Inflation to worsen in Turkey as Erdogan threatens more rate cuts

Recep Tayyip Erdogan
Turkish President Recep Tayyip Erdogan delivers a speech during 28th Mukhtars (local administrators) meeting at the Presidential Complex in Ankara on October 19, 2016. / AFP / ADEM ALTAN (Photo credit should read ADEM ALTAN/AFP/Getty Images)

Inflation in Turkey tops 83% as lira drops and Erdogan promises more interest rate cuts

If you’re living in Europe and feeling squeezed by double-digit inflation, spare a thought for your Turkish counterparts.

Turkey’s annual inflation rate hit 83.45 per cent in September, a new 24-year high, the country’s statistics office said on Monday.

The cost of essential goods is soaring and hurting households already facing high energy, food and housing costs. The Turkish Statistical Institute said consumer prices rose by 3.08 per cent from the previous month.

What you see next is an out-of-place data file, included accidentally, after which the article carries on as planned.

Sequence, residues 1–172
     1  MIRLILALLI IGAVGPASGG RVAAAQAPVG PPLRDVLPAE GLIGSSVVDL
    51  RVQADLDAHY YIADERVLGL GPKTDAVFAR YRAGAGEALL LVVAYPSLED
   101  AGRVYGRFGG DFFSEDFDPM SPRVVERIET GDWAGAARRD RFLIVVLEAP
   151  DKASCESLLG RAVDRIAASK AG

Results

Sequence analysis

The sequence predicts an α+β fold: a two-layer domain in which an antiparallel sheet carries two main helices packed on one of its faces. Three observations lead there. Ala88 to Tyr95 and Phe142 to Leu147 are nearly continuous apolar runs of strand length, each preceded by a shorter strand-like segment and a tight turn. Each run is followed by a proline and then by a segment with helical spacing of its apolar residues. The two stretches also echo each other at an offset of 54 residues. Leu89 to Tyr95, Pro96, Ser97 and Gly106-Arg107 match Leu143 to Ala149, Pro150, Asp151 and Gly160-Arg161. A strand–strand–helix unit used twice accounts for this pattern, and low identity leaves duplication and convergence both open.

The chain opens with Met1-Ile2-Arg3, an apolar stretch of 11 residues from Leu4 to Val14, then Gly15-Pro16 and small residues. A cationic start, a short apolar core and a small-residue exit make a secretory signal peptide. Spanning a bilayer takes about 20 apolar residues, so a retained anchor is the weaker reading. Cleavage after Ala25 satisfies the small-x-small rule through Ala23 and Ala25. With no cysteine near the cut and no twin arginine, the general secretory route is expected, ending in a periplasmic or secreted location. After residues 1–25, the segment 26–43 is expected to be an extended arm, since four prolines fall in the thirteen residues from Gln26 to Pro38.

Worse, experts say Turkish inflation is much higher than official statistics, and the independent Inflation Research Group put the annual rate at an eye-watering 186.27 per cent.

And while most Western countries are in the process of raising interest rates to keep inflation in check, Turkey is doing the exact opposite.

Falling Turkish lira

Last month, Turkey’s central bank delivered another interest rate cut, lowering the benchmark rate to 12 per cent despite rising prices, a plunging lira and an unbalanced current account.

The lira has lost over 50 per cent of its value against the US dollar since the central bank began cutting rates last year.

Economists say rising inflation in Turkey is fueled by President Recep Tayyip Erdogan’s unorthodox belief that high borrowing costs lead to higher prices – the opposite to established economic theory.

The government says it hopes to lower interest rates to boost production and exports in a bid to reach a current account surplus. Erdogan has said he expects inflation to fall in the new year.

The sharpest increases in annual prices were in the transportation sector, at 117.66 per cent, followed by food and non-alcoholic drinks prices at 93 per cent, according to the statistical institute’s data.